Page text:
Samantha E. Hill, Perri Cummings
FilmInk rates movies out of $20 — the score indicates the amount we believe a ticket to the movie to be worth
…a slick looking piece of independent cinema that mines laughs out of its premise…
A change is as good as a rest for many, allowing us to step away from crushing stagnation of our supposedly dull lives. In Trench, the Melbourne mystery from Director Paul Anthony Nelson, the change is a whole new career and the stagnation comes in the form of the comedy circuit and toxic masculinity.
Marking Nelson’s feature debut, after several shorts for the independent company Cinema Viscera, Trench takes a blanket of film noir tropes and casts it over a modern Aussie cityscape. Trudging through this landscape is stand-up comedian Sam Slade (Samantha E. Hill) and writer Becky Holt (Perri Cummings, who also helped write Trench), two women trapped within their own lives. For Sam, this means shedding the shackles of her microphone and reinventing herself as a private detective, and Becky is going to be her first case.
Filmed in sumptuous black and white, Trench uses this initially simple premise to subvert the detective genre. Gone are the dames who teach you how to whistle, and being handy with your fists is no longer a suitable substitute for conversation skills. Investigating strange things happening in Becky’s flat, the progressive Sam crosses paths with the kind of arched brow, public face misogynists that have taken an unfortunate front seat in the current political climate. Ostensibly set up as interrogations for Sam to gather clues, Trench explores why these archetypes – from ‘ironic’ funny men to sleazy raconteurs in ‘negging’ – they do what they do, and in doing so, manages to flesh them into real people. It is, to be fair, only a light grilling, played mostly for laughs, but it is an interesting way to wrestle with this particular mindset.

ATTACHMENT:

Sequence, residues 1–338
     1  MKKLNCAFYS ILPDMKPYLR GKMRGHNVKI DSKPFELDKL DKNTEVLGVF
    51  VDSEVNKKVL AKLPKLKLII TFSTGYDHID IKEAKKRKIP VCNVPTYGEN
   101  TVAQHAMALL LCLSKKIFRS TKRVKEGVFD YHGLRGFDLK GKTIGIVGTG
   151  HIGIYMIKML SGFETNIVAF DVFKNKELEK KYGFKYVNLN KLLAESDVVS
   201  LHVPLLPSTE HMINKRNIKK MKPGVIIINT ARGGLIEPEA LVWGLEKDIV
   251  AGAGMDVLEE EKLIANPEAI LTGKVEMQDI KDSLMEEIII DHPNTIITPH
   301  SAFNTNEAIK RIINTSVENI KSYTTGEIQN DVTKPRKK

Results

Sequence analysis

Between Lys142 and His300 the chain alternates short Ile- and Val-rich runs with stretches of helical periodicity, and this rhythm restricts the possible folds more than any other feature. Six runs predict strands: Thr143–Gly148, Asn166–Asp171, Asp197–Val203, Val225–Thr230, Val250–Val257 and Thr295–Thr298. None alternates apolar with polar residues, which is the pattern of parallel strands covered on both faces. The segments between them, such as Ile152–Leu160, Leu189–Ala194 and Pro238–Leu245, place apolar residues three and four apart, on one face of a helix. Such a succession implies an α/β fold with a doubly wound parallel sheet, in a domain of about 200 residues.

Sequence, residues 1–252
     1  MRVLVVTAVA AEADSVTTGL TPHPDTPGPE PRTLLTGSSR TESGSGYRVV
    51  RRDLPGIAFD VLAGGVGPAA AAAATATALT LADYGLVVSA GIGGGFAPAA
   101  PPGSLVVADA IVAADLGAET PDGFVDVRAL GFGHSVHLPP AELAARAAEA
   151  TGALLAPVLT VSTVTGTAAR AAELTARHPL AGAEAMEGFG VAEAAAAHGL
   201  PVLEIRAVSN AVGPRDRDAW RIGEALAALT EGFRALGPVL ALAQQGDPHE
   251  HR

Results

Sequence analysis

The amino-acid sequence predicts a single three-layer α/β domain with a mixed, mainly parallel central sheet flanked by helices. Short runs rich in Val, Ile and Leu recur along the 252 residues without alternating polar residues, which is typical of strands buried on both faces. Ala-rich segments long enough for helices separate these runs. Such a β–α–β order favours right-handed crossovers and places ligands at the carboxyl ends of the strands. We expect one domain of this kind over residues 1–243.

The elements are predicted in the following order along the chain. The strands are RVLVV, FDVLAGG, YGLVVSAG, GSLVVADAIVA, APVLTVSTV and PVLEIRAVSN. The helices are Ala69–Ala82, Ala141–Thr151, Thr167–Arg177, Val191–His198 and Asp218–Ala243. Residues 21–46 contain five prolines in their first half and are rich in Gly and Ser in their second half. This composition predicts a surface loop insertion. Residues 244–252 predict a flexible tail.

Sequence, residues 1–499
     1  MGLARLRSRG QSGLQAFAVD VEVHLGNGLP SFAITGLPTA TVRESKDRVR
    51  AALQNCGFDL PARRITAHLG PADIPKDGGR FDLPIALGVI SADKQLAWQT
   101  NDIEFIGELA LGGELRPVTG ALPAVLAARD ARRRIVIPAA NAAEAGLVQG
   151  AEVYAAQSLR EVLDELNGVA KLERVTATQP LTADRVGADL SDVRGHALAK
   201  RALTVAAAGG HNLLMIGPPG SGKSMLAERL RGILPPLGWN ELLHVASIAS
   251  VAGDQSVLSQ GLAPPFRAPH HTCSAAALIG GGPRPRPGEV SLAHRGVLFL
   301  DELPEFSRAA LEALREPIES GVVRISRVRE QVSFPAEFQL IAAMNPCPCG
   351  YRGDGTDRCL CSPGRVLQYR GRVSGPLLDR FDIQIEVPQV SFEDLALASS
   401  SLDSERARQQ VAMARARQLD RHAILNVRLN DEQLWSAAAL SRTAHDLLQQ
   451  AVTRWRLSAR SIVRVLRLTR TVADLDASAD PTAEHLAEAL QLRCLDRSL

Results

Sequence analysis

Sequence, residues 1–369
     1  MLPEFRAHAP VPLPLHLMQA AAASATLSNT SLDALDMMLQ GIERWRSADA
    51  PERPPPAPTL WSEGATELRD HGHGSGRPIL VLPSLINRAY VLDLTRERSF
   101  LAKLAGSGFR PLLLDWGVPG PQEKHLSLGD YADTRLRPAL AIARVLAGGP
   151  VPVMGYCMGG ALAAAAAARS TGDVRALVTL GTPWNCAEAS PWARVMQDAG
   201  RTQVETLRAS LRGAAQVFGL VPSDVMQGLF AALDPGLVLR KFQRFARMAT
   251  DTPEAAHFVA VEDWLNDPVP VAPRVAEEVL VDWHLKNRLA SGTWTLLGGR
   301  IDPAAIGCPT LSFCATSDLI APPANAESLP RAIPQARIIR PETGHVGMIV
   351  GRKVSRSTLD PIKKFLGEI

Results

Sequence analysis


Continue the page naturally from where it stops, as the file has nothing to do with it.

For all its modernism, Trench is equally comfortable falling back on some good old fashioned storytelling; with the film’s denouement seeing the unmasked villain donning black gloves and detailing their masterplan like they’re in a Bond film. To some this might be a little played out, but it highlights Nelson’s desire to emulate cinema from the likes of Howard Hawks.
Whilst Cummings and Hill play well off each other, Sam’s picking apart of Becky’s life means we never really get to know much about our hero outside of being exceedingly broke. There are some lovely flourishes that show a Sherlock Holmes just simmering under her surface – using her deductive powers to blag free lattes – and it would have been interesting to see Sam apply more of the skills of her former trade to her new career.
When all is said and done though, Trench is a slick looking piece of independent cinema that mines laughs out of its premise, whilst biting its thumb at the kind of people who were never going to take a female detective seriously in the first place.